We are hearing more and more from health experts about harmful side effects of medications – certain painkillers, anti-inflammatory drugs, statins. This article is being re-issued for a second time because there is more and more evidence that, among other serious side effects, statin-type cholersterol-lowering drugs, are associated with increased risk for type 2 diabetes and memory problems. Statins are one of the biggest swindles that pharmaceutical companies have created. They are being used widely in secondary prevention and even their effectiveness in primary prevention is being questioned.
UPDATE (7 July 2012): An article published on 25 June 2012 in the Archives of Internal Medicine concludes: Statin therapy is an effective intervention in the secondary prevention of cardiovascular events in both sexes, meaning, those who have already had a heart attack, but there is no benefit on stroke and all-cause mortality in women. Click here for full article.
UPDATE (18 May 2012): On 16 May 2012, the Television Suisse Romande (RTS) showed a documentary on statins as part of its health program "36.9". Worldwide, pharmaceutical companies earn $30 billion per year from the sale of statins. AstraZeneca, producer of Crestor, is the 5th largest pharmaceutical company in the world, representing total net sales of $33 billion per year, 17% of which is earned from statins. Originally developed for a specific cholesterol problem, diagnosed family hypercholesterolemia, these drugs are prescribed to millions more persons in the world: 20% of Americans take statins and 10% of Swiss. Insurance companies in Switzerland are paying out some $160,000 million per year for statin prescriptions without questioning their effectiveness or serious side effects.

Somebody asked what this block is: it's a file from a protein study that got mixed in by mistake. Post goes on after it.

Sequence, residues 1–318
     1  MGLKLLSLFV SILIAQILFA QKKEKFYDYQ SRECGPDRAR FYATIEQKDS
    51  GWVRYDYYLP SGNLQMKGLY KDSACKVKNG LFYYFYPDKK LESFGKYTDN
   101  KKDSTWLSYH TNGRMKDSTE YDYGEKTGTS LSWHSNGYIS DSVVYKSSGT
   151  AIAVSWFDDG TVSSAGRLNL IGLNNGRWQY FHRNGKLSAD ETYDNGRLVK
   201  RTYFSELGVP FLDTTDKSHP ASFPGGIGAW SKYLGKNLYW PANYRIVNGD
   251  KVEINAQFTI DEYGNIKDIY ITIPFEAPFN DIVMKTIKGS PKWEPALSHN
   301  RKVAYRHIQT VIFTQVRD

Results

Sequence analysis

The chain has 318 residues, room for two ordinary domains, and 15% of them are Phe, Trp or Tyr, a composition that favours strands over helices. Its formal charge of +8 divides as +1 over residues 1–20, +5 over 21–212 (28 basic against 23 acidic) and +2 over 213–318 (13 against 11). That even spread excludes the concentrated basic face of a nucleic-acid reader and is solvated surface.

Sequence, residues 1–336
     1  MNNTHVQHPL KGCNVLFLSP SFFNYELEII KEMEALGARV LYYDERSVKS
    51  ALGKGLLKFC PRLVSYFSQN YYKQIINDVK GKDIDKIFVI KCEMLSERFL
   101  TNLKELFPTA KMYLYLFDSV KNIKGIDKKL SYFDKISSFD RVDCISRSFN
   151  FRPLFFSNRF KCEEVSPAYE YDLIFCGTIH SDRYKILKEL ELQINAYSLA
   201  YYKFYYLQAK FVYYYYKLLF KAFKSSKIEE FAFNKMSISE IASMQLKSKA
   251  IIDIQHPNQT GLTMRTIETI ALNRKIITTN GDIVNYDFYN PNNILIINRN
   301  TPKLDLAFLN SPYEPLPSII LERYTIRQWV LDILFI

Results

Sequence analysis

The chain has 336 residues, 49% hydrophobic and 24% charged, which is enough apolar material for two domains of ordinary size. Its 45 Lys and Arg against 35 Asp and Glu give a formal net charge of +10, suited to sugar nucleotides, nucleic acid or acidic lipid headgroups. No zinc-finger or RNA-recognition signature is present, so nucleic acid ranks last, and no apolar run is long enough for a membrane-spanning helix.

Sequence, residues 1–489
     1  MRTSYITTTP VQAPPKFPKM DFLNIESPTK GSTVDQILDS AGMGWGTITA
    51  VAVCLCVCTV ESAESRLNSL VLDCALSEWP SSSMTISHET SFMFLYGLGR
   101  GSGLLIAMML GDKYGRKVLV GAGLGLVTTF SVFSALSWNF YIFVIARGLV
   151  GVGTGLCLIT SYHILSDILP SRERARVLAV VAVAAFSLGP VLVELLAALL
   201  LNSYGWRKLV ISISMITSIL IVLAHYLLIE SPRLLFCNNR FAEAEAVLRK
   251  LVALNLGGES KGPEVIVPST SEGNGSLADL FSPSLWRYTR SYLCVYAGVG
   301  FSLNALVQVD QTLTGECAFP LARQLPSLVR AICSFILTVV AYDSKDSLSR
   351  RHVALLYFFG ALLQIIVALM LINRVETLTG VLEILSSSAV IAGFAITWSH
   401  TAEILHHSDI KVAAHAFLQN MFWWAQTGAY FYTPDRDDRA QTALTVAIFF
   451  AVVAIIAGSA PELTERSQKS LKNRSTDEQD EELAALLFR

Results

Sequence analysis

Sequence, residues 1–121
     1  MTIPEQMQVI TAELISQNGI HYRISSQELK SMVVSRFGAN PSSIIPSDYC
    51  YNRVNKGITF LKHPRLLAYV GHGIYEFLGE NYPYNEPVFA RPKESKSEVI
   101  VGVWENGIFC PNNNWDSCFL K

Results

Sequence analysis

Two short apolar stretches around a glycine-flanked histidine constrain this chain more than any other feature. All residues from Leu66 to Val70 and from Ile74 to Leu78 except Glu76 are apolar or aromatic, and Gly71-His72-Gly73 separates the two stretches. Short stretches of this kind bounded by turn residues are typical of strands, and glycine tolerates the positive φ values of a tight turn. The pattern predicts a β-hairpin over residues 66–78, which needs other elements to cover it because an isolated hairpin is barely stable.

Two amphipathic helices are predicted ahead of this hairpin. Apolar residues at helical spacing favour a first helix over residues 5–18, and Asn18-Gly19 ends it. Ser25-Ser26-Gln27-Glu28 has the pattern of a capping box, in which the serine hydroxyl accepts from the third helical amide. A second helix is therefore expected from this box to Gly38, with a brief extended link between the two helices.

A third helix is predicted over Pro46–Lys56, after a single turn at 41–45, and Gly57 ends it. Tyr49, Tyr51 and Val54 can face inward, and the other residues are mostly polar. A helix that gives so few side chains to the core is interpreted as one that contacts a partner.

Pfizer, which makes the number one statin drug on the market, Lipitor, whose patent is soon to run out, is pursuing a patent extension to test the drug on 30% of children for a period of six months in the European Union "in order to improve their health". This would represent $5 billion in added profits for Pfizer. Children should not be prescribed statins at all, let alone have their cholesterol level measured. Pharmaceutical companies will not finance studies of lifestyle vs. statins because they already know that lifestyle changes would prove far more beneficial to health than the taking of statins. As the patents of more and more lucrative brand name medications begin to run out, pharmaceutical companies are making deals with insurance companies in the United States to stop them from covering less expensive generic brands and pay for the more expensive ones instead. Pfizer is in the lead with this strategy, stopping many insurance plans from covering atorvastatin, the generic brand for Lipitor.
UPDATE (7 March 2012): On 28 February 2012, the United States FDA (Food and Drug Administration) added new safety alerts to the prescribing information for statins, citing rare risks of memory loss, diabetes and muscle pain. It is the first time that the FDA has officially linked statin use with cognitive problems like forgetfulness and confusion. Among the drugs cited are Lipitor, Zocor, Crestor and Vytorin. Reports about cognitive problems span all statin drugs and all age groups of patients. In 2011, nearly 21 million patients in the U.S. were being prescribed statins. Ref: Article from New York Times, 28 February 2012: "Safety Alerts Cite Cholesterol Drugs' Side Effects".
UPDATE (10 January 2012): Today, the People's Pharmacy sent this health alert: "The evidence continues to mount that statin-type cholesterol-lowering drugs prescribed to prevent heart disease may spur the onset of type 2 diabetes. The latest research comes from the Women's Health Initiative, an enormous study of more than 150,000 postmenopausal women that began in the mid 1990s. In the decade between the start of the study and 2005, more than 10,000 of these women developed diabetes. The researchers calculate that women taking statin drugs such as atorvastatin (Lipitor), rosuvastatin (Crestor) and simvastatin (Zocor) were 48 percent more likely to be diagnosed with this metabolic condition." The study was published online on 9 January 2012 in the Archives of Internal Medicine.